• Emperor Penguin. Hatch nearly naked; after some time, they gain grey down over their bodies, black helmet-like markings on the head and white cheeks.
  • King Penguin. Hatch almost naked; after a while, they grow fully brown first (natal) down that looks like coat.
  • Magellanic penguin. Chicks have a greyish-white belly, wing undersides, and faces. The rest of the body (the head and the back) is dark grey, nearly black.
  • Adelie Penguin. The first down is very dark brown, nearly black. Later in development, the chicks gain whitish bellies with adult-like patterns.
  • Chinstrap Penguin. The first, natal down, is uniformly light gray. Later, juveniles display coloration similar to adults, only much duller.

Probably the best-known baby penguin look belongs to the Emperor Penguin chick. These penguin babies are large and covered in soft, fluffy, downy feathers. As said, the head features a trademark black “helmet,” and the cheeks are white. The tiny black bill is small, adding to the face’s adorable expression.

 

What do Baby Penguins Eat?

All baby penguins eat a fish-crustacean “soup” regurgitated by their parents. The liquid contains semi-digested foods such as krill and fish. Young chicks will stick their beak into their parents and wait for the delivery.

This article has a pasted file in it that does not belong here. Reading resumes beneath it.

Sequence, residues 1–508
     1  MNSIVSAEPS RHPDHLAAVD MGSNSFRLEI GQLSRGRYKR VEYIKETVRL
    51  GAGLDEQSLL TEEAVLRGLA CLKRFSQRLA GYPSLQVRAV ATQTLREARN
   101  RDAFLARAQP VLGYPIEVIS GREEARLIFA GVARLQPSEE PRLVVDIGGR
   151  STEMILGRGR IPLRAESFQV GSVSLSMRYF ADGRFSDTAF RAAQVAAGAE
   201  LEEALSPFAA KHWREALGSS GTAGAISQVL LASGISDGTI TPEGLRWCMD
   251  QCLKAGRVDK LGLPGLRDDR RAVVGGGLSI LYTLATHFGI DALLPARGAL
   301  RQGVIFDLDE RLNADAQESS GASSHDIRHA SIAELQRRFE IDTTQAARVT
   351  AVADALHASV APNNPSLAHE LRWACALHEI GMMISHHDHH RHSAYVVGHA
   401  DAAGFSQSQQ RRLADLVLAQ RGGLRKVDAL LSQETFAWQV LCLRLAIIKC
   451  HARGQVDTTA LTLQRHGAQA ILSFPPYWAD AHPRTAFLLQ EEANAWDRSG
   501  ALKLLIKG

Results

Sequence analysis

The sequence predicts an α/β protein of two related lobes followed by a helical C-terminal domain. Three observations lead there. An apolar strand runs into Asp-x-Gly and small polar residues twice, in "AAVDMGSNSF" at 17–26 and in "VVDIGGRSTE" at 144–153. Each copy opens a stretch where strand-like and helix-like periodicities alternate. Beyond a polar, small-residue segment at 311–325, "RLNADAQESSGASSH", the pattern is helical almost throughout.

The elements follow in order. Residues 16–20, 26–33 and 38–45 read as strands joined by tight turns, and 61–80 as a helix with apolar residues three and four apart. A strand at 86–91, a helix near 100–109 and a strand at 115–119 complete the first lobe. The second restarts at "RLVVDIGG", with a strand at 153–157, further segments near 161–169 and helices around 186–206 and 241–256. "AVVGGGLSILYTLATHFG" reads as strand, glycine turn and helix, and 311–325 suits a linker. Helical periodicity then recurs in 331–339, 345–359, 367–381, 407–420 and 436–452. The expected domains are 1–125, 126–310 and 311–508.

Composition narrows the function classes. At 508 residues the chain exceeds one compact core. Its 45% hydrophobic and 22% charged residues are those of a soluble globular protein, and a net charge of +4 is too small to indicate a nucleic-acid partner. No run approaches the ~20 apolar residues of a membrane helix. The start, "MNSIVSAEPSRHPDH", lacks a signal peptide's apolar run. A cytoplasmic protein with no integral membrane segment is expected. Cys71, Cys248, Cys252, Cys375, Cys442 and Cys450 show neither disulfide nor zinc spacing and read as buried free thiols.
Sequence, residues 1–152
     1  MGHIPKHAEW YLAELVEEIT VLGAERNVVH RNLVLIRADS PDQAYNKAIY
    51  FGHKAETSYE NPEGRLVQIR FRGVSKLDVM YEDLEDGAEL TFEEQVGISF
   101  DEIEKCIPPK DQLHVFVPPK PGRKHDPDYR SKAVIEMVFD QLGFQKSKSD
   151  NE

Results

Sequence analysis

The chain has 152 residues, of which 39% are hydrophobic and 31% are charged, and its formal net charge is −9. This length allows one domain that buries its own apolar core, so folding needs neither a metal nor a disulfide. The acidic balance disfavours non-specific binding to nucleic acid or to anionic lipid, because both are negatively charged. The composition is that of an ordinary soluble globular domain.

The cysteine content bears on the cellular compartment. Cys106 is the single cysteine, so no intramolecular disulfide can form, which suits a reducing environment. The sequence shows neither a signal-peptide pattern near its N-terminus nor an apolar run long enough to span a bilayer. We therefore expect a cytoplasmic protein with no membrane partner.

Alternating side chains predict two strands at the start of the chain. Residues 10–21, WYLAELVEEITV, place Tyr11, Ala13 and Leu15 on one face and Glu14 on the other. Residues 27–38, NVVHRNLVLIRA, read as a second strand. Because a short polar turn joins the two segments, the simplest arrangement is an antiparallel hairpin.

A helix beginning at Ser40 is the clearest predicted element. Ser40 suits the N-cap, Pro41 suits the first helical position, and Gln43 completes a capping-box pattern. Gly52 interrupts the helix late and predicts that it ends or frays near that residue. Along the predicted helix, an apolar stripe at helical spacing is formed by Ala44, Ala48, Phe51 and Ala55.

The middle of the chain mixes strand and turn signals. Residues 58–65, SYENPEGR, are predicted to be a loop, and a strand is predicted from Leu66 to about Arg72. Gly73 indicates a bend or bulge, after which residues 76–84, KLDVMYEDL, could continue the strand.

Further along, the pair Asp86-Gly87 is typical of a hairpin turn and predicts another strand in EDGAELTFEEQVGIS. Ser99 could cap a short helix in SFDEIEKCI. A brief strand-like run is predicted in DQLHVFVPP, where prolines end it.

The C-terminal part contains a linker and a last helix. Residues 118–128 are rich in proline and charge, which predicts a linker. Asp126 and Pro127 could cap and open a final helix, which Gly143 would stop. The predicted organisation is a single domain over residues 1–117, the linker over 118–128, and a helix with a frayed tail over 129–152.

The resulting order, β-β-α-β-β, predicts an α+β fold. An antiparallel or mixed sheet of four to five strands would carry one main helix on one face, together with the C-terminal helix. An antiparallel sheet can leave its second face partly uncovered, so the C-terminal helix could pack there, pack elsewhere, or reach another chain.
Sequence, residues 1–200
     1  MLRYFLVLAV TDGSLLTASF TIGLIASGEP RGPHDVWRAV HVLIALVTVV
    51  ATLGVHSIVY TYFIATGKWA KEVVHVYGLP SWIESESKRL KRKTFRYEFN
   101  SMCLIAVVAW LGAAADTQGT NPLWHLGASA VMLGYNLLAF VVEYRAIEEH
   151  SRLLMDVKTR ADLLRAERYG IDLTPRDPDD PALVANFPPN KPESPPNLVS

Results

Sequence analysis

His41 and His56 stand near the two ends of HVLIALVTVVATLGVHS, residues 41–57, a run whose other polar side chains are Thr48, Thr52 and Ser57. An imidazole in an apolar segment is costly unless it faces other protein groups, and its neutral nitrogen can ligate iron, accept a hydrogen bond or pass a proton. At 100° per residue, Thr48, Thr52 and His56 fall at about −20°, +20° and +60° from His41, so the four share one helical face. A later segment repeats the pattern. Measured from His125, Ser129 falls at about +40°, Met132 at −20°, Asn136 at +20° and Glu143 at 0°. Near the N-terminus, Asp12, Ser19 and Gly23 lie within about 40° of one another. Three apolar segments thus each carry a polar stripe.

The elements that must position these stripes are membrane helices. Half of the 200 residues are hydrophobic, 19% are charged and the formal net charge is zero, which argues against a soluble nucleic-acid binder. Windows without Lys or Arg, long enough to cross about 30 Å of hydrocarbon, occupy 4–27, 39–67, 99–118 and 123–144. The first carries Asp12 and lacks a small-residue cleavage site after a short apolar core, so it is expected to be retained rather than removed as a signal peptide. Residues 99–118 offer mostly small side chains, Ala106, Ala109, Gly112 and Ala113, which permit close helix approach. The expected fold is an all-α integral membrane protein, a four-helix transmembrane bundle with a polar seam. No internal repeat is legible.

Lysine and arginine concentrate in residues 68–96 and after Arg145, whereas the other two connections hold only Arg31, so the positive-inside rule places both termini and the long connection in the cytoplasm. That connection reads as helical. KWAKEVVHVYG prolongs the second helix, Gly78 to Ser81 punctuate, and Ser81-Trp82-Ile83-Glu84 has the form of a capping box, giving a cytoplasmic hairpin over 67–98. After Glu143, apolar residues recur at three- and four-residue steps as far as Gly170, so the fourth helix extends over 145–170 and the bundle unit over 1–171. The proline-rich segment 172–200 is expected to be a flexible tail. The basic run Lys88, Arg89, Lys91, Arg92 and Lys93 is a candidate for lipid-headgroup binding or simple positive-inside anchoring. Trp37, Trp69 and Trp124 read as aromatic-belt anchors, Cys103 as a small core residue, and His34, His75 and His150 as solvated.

Related: What do baby birds eat?

It may sound gross to us, but this way, parents ensure their chicks get all the nutrients they need for successful development in a very harsh environment.

 

Baby Penguin FAQ’s

Are baby penguins soft?

Baby penguins are fluffy – they hatch with a thick layer of soft downy feathers. These feathers help insulate them a bit, but young penguins heavily rely on their parents for warmth and food.

How do baby penguins recognize their parents?

Penguins interact with their parents through vocalizations and location.

Can baby penguins survive alone?

Baby penguins can usually not survive on their own. They are fine for shorter periods but not longer than 4-5 days.

About the Author

Katarina Samurovic

Katarina Samurovic is an Environmental Analyst (MSc) with two decades of experience in studying and supporting nature. A biophilic writer and educator, she uses her skills to bridge the gap between natural and human realms. She is a proud member of the Serbian BirdLife branch and enjoys field trips, birdwatching, turning rocks and logs (and always putting them back in place!), and gardening with the family.